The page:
Because tomorrow's tablets will be big cell phones, rather than small PCs, they'll be cheaper to manufacture. They'll have lower-powered chips, less RAM, smaller screens, fewer ports and cheaper (or free) operating systems.

Plus, Moore's Law is still in effect. All component prices will come down, which means next year's touch tablets will be priced similarly to last year's netbooks: Cheap!

4. App stores

Apple's iTunes app store demonstrated how tightly designed, limited use, inexpensive applications can turn a ho-hum phone into an incredibly powerful and usable platform. All the other major smart phone handset makers followed suit, and developers are pouring incredible time, money and energy into creating mobile games and applications, many of which will work on touch tablets just like they do on cell phones.

Unlike pen tablets, which Microsoft envisioned we'd use for running Microsoft Office, tomorrow's tablets will run a gazillion free or low-cost apps from the platform vendors' app stores.

Because of cell phone apps stores, touch tablets will be way more fun to use than netbooks, old-school tablets or even cell phones (because their screens are bigger).

5. The rise of e-books

Everybody is talking about e-books. And although dedicated e-book readers will always be with us, most people will read electronic books with cell phones and touch tablets. Ignore the naysayers. Tablets will be great for reading books. You'll even be able to turn the page by flicking your finger across the top right of the page, kind of like a paper book.

6. Faster mobile broadband

The carriers haven't figured out the right pricing models for data in a world where everything is connected via mobile broadband. But they will. And when they do, touch tablets will be sold like cell phones, and always-there Internet connections will be standard.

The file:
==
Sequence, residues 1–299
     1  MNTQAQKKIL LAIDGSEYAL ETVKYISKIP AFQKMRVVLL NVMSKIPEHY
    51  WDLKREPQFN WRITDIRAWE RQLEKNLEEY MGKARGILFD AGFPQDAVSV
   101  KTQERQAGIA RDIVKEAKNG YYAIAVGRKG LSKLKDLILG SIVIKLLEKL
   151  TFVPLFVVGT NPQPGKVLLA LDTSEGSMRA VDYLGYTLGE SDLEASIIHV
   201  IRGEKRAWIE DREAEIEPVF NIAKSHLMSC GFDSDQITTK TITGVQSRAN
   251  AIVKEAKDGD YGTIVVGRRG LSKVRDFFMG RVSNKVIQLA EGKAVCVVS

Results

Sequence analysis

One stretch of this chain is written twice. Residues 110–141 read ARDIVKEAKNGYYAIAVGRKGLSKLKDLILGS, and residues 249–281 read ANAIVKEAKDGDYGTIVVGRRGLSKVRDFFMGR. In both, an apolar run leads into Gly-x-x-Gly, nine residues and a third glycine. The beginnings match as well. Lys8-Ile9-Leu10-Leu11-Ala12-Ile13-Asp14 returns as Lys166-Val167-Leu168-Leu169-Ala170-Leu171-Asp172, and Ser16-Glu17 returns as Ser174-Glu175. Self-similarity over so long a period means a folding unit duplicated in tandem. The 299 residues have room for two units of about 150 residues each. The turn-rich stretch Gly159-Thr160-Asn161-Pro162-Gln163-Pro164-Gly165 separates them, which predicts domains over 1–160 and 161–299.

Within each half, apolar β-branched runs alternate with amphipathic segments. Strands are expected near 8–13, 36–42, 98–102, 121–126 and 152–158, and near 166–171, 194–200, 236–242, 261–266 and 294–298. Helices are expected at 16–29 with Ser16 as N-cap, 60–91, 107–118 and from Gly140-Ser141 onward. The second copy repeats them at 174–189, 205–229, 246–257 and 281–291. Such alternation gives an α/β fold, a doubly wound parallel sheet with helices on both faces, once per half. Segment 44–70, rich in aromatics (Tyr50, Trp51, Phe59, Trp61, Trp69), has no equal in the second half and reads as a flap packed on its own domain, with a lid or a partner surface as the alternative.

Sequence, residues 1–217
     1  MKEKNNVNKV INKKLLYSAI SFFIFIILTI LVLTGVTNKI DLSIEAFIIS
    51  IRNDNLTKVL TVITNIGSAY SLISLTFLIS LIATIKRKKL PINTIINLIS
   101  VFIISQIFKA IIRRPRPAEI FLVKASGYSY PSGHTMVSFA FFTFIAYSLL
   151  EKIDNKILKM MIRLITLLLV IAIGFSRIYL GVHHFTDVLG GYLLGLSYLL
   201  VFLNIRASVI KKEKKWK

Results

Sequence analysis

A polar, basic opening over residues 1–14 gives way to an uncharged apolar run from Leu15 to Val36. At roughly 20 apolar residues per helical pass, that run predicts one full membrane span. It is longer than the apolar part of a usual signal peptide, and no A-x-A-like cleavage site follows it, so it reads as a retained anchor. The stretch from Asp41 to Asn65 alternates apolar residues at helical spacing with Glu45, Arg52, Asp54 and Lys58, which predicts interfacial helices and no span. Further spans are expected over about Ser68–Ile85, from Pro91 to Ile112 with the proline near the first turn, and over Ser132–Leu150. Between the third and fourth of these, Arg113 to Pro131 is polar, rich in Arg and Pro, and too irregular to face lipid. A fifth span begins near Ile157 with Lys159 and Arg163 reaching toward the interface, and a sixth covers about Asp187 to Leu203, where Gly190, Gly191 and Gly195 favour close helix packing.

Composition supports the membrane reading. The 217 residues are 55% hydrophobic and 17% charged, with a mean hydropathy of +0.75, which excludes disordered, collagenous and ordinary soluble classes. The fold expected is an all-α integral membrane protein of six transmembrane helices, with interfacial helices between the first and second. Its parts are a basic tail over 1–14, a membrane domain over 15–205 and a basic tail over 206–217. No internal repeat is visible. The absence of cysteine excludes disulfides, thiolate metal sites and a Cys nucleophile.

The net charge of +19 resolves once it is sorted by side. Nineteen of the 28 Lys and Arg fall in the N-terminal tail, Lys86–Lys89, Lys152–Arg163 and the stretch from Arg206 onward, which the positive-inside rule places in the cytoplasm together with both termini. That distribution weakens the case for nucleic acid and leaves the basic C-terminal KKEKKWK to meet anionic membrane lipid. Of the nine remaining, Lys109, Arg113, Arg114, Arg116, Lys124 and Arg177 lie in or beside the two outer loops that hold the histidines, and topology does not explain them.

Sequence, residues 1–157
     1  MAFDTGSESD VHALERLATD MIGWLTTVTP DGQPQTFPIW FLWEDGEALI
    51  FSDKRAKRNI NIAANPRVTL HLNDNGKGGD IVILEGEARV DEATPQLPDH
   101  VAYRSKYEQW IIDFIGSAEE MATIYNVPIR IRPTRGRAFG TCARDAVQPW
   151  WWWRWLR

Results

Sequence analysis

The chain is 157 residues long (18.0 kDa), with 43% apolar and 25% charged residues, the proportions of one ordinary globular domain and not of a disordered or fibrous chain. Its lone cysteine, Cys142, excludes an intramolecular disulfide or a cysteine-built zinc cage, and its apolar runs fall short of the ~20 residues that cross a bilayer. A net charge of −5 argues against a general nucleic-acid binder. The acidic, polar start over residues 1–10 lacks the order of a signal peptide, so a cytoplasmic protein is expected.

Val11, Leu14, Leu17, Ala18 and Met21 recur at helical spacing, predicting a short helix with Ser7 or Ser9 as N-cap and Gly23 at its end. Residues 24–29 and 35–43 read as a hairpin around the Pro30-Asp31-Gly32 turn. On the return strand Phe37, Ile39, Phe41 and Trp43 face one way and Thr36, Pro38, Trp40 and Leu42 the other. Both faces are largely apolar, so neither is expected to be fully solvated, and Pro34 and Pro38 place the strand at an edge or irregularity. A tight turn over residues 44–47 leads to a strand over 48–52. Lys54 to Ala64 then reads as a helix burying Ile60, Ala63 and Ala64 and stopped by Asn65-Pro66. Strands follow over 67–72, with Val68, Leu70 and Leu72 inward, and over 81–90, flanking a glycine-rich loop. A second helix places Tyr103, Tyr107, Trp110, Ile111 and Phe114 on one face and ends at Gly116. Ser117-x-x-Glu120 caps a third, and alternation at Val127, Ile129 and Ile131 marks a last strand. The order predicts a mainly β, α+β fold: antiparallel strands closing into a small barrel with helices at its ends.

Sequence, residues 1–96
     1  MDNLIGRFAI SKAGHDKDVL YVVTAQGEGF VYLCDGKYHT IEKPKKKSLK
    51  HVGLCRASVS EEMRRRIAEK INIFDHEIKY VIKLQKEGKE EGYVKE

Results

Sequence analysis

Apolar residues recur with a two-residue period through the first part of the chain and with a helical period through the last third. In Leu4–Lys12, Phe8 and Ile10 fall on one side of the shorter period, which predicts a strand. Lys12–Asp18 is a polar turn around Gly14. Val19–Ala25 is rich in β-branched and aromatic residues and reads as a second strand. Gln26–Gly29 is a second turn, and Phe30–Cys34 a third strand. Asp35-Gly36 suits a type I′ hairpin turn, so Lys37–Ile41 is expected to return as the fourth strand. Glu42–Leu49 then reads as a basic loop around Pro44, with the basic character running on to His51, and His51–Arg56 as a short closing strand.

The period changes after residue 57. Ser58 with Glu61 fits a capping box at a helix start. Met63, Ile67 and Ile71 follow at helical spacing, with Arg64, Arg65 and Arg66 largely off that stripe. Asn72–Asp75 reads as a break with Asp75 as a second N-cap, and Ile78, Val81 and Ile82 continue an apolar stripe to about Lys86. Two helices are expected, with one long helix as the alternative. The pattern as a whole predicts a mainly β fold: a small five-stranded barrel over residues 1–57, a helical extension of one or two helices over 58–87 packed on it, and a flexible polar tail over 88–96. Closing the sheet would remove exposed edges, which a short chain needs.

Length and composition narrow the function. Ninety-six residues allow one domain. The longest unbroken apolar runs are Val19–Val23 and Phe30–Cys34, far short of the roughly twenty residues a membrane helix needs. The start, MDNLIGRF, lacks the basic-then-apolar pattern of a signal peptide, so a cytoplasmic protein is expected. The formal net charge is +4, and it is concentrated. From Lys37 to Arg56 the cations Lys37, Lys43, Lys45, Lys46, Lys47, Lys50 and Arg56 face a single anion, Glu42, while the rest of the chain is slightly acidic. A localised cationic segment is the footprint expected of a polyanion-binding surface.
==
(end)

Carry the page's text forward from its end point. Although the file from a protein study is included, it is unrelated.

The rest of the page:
7. HD video on demand

Consumers are gradually discovering that getting TV and movies over the Internet is the way to go, the TV itself is optional, movies are downloadable and the cable subscription probably isn't worth the money. Just as the masses really understand all this, along comes a cheap, high-quality tablet that functions largely like a cable-connected, Blu-ray-connected, DVR-connected TV set, but one you carry with you everywhere you go.

And this will be the killer app that mainstreams touch tablets: It's a mobile HD TV with a universe of downloadable programming.

Why tablets will kill netbooks

Netbooks suck for typing. Believe me. I'm a professional. One problem is that the keyboards are too cramped. But the other is that tiny netbooks force you to have the screen too close for comfortable reading.

A touch tablet is also a netbook. Just add a kickstand to prop up the screen and add a Bluetooth keyboard. The best part is that you can add the keyboard of your choice, not the one that happens to match the netbook's screen size.

It can be a fold-up, roll-out, light-based, or even giant old-school keyboard. Or it can be something that is built-into and detaches from the tablet itself, or the tablet's case. And the screen can be propped up and placed at any distance, not the distance dictated by the keyboard's location.

What is a netbook, anyway, but a tablet with a bulky keyboard attached? And what is a tablet, but an ergonomically adjustable netbook that also functions without the detached keyboard?

Netbooks won't stand a chance against the tidal wave of touch tablets coming next year. Tablets have many advantages over netbooks, but netbooks have very few advantages over tablets.

So here's my advice. Sell your netbook now while you can still unload it. By this time next year, the space between cell phones and laptops will be taken over by a new generation of touch tablets, and you won't be able to give that netbook away.

Mike Elgan writes about technology and global tech culture. Contact Mike at mike.elgan@elgan.com, follow him on Twitter or his blog, The Raw Feed.

Tags notebookstablet PCsnetbooks

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Mike Elgan

Computerworld (US)